Italian Mango Soda with Cream

In this area, I side with fundamentalist Muslims, Buddhists, and Christians. My party line is this: When I get to heaven, if Jesus offers me something to drink, I’ll drink it, but I’m certain it won’t be anything that will make me drunk!

That being said, there is a world of non-alcoholic pleasure just waiting for whosoever will and can! They’ve become popular as “Mocktails” (non-alcoholic cocktails). There are no end of imaginative combinations of flavors that can perk you up on a hot summer day, and this past summer (a year ago now), on our trip cruising the North Atlantic on Holland America’s Koningsdam, the dinner menu suggested over a dozen possibilities, many of which I tried.

The Ultimate Unleaded Margarita (behind the shrimp cocktail)

While we were cruising, I was intent on photographing some of the more succulent dishes and failed big time by not capturing visions of the delicious drinks, but I did take photos of the menu offerings, and they at least give you some ideas if you want to try a few fun and fancy beverages to serve on special occasions (like today, since every day’s a cause for celebration—right?)!

Ginger Mango Splash

Although I really delighted in all the various offerings, I discovered that some of them were like eating fresh fruit, and some of them were so filling they were more like dessert, so I had to be careful with my overall menu plan so that I didn’t end up over full!

The smoothies were especially wonderful . . . and so filling they were almost a meal in themselves. Some of these combinations—particularly if made at home with Greek yogurt (which is super high in protein)—can make a perfect breakfast. When I used to visit Mommu (a spiritual mother to me), we would often enjoy a smoothie for breakfast and feel completely satisfied. (The older I get, the less it takes to fill me up.)

Frosty Chocolate Mint Buzz

The ultimate dessert mocktail was competition for a gourmet chocolate malt, and I learned pretty fast that I could not have such a fabulous mocktail and still finish a nutritious dinner. Since coming home and experimenting with beverages, I’ve concluded that specialty drinks are fun, but for me, at least, they need to be reserved for truly special occasions, not just every day pleasure.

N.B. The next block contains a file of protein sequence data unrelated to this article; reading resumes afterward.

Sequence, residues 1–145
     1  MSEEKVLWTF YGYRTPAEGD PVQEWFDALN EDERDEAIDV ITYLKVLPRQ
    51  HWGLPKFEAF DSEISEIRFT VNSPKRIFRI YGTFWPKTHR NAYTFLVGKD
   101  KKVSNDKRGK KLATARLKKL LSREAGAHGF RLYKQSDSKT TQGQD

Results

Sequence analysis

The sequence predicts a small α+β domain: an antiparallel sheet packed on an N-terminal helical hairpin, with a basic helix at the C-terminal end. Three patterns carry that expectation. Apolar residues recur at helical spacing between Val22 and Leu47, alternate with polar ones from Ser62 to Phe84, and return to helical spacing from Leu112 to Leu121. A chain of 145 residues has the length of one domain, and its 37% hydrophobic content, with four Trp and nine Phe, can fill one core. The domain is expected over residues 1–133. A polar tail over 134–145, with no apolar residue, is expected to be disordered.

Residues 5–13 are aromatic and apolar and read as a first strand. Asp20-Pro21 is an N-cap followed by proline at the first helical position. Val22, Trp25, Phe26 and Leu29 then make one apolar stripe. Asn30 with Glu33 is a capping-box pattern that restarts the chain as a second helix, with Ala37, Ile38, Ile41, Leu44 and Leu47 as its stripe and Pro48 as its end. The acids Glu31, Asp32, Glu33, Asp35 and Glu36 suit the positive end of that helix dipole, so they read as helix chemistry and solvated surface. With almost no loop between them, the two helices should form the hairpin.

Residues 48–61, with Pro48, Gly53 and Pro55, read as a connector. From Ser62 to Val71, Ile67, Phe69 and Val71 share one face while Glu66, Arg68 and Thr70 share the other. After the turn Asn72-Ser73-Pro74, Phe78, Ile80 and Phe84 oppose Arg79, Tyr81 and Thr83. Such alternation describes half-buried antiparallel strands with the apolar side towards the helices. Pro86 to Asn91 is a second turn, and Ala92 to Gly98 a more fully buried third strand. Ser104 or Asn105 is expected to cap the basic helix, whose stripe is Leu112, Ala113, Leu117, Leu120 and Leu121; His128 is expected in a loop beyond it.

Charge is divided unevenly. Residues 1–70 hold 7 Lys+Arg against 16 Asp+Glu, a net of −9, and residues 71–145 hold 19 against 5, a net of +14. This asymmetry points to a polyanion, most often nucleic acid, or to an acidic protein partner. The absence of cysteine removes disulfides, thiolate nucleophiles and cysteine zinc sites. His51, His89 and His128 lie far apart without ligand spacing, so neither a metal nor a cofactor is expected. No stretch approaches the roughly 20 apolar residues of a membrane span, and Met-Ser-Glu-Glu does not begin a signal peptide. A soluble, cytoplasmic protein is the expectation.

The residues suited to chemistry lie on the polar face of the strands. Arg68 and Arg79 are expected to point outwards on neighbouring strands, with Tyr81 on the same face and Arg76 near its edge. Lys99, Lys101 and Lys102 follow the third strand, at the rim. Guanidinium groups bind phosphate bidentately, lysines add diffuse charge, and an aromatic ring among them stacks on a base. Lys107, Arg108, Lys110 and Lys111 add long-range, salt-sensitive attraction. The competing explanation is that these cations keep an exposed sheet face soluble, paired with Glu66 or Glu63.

Virgin Pina Colada

One of my favorites is a “Virgin Pina Colada,” and it’s super simple to make! Here’s how: In a blender, for each drink, add:
1 cup ice cubes
1 cup pineapple juice
1/3 cup coconut cream (or 1/2 cup coconut milk). Blend until the ice is is small chunks and pour over ice cubes in your glass. Top with 1/2 cup more pineapple juice and a dollop of whipping cream. If you like it sweeter, you can add a little sugar. Some people add crushed pineapple, shredded coconut, heavy cream, or some type of sparkling water/Sprite/lemon-lime soda, so if the way I make it is too simple for your taste, experiment. To me, light and not too sweet is more refreshing unless you’re trying to make a dessert out of it!

Virgin Pina Coladas

Nutritionists say “Eat your fruit and drink your water!” Good mantra for me.

In a world where being overweight is the cause of more deaths than being underweight (except in sub-Saharan Africa and parts of Asia, according to the Whole Health Organization, January 2019), I have a renewed determination to serve milk or cold water rather than fancy drinks with my meals. Way better for myself and my grand children!

“Eat your fruit and drink your water!”